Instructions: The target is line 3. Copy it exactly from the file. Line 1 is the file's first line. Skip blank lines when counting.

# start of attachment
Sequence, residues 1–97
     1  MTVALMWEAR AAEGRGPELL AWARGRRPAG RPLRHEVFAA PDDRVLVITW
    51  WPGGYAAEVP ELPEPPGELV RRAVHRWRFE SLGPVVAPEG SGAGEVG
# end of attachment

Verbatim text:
    51  WPGGYAAEVP ELPEPPGELV RRAVHRWRFE SLGPVVAPEG SGAGEVG